Eat Local Pizza’s Digital Differentiator 🍕
Eat Local Pizza founder Jim Stadey was on the cusp of getting out of the business when he realized he had been going about it all wrong: it wasn’t just about differentiating his pizzas, he had to differentiate his brand.
To be a pizza shop is to welcome – and spend your business life teetering on the edge of – existential dilemma. Good pizza is good pizza. But the concept of being a pizza shop means acknowledging the near impossible task of differentiating yourself purely through your pizza alone.
It was precisely this dilemma Thunder Bay’s Jim Stadey found himself wading through with the first incarnation of Eat Local Pizza. Despite elbowing his way into the market, the advertising spend and name brand recognition of dominating pizza chains and entrenched independent incumbents drowned out the little pizza shop’s focus on local ingredients.
Stadey was ready to walk away, maybe merge with a larger shop or abandon the concept entirely, when a conversation with soon-to-be co-founder Max Michieli, drifted towards digital presence. Eat Local had quietly been building its following online through Facebook, maybe there was stock in that?
“Max and I realized the strongest thing to do was to double down,” says Stadey. “In a market where other businesses are so strong and entrenched and have so much money, the only real way to differentiate yourself is through niches – not just through products but through your marketing.”
The realization spurred the duo to take another stab at Eat Local, and while they were at it, co-found Kingmaker Media – a digital tool and asset consultant that works with businesses. “We took the marketing budget from Eat Local and we built a second company (around) educating people on the communication systems available,” explains Stadey.
Co-founders Karl Dahl, Jim Stadey, Adric Hartin, and Chealse Joyce appear in photo below.
To the Eat Local founders, digital tools – be it marketing, social media, or e-commerce, are the great democratizers for mains street businesses, the tools that will allow them to compete.
But there are barriers to adoption: a lack of trust in new things or a lack of understanding surrounding the tools available. With Kingmaker, Stadey and Michieli are making the case for the power of digital tools. But it’s Eat Local’s growing digital empire where they’re leading by example.
How Eat Local is using digital to stay fresh in an oversaturated market
“If we were to go to conventional radio and print we would be battling our competitors right where they're strongest,” explains Stadey, pointing out that the sky-high marketing budgets of the big name pizza chains makes it impossible to compete in traditional arenas. “It's just way too expensive,” he says of the cost to run ads on radio or in print. “But we can (advertise) on Facebook… we have the largest Facebook page in the city (with) the most followers.”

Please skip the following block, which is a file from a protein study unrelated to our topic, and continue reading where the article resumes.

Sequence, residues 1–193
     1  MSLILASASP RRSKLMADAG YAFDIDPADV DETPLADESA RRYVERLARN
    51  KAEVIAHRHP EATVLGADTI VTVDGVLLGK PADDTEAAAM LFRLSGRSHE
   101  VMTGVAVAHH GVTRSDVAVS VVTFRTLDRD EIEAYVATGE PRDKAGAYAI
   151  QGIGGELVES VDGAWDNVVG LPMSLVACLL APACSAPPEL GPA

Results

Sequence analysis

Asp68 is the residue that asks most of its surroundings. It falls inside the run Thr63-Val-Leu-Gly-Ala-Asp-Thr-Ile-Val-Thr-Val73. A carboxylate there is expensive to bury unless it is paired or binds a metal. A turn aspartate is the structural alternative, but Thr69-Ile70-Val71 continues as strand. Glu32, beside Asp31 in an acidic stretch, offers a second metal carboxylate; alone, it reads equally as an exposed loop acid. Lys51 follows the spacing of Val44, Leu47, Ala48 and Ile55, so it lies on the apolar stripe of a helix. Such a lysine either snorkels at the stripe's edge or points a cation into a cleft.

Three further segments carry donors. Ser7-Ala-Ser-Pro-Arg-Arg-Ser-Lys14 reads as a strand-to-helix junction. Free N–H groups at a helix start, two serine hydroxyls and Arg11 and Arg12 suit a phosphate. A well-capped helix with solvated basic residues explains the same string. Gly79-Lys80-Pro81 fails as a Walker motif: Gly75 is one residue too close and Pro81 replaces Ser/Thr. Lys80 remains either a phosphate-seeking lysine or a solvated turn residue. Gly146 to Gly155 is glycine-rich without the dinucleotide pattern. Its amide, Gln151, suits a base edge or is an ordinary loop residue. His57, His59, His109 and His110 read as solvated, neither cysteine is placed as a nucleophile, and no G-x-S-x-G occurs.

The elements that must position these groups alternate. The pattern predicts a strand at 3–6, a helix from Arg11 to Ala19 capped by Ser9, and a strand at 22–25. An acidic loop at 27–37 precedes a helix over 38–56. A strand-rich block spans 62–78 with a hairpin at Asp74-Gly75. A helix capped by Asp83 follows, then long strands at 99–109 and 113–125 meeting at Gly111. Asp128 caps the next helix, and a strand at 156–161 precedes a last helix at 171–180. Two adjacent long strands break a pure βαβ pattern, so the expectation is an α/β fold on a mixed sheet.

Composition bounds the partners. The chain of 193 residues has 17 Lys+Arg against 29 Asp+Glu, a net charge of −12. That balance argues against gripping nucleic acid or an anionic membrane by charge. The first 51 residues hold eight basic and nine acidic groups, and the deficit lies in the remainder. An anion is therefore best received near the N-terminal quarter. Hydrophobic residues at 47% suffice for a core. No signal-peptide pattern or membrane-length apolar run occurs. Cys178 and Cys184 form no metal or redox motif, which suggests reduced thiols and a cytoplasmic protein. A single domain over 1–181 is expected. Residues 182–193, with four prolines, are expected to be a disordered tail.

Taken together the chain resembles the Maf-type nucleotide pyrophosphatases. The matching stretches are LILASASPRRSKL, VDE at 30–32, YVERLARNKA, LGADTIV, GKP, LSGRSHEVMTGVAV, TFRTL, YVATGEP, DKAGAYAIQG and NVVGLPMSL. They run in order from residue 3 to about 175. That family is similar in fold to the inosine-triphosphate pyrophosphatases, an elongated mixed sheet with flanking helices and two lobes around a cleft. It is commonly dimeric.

The Eat Local founder is currently in the process of launching yet another food venture – Eat Loco, a taco joint – and moving into selling frozen pizzas and a clothing brand. Recently he crossed path with Digital Main Street, finding a kindred spirit in the program’s push to support small businesses and their pursuit of digital growth.
Stadey says he was “curious” so he signed up for the program and applied for the grant. “We're looking at expanding through video, an area we're not very strong in,” he says, adding that the goal is to create short social videos to prop up the brand’s line of frozen pizzas. The grant will help fund that digital expansion.
Being in Thunder Bay, Stadey says it was invaluable to access the Digital Main Street courses online. “That flexibility is the reason why it works… being able to do something in your own time at your own house wherever you are.”
He also had his staff take the course. “We're trying to work towards building more of a culture around this directive so people can be individually engaged.”
Stadey says the point is to grow digital savvy, entrepreneurial-minded team members internally. That’s where the future lies, especially as the world blurs the lines between online and offline. For small businesses, Stadey says knowing and using these tools is what will help them stay competitive and find their business’ voice to engage with their customer-base.
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“Really everybody has the same tools,” he says. “No one has an overwhelming advantage anymore.”
By Andrew Seale
Digital Main Street was created by the Toronto Association of Business Improvement Areas (TABIA) with direct support from the City of Toronto. DMS is also supported by a group of strategic business partners, including Google, Mastercard, Shopify, Microsoft, Facebook, Intuit QuickBooks, Square, Yellow Pages and Lightspeed.
This case study was completed during a prior expansion of DMS in partnership with the Province of Ontario and Ministry of Agriculture, Food and Rural Affairs.
In June 2020, a $42.5-million investment from FedDev Ontario and an additional $7.45 million from the Government of Ontario brought together the Toronto Association of Business Improvement Areas, Communitech, Invest Ottawa and the Ontario Business Improvement Area Association to expand the Digital Main Street Platform in order to support more businesses going digital as a response to the impacts of COVID-19.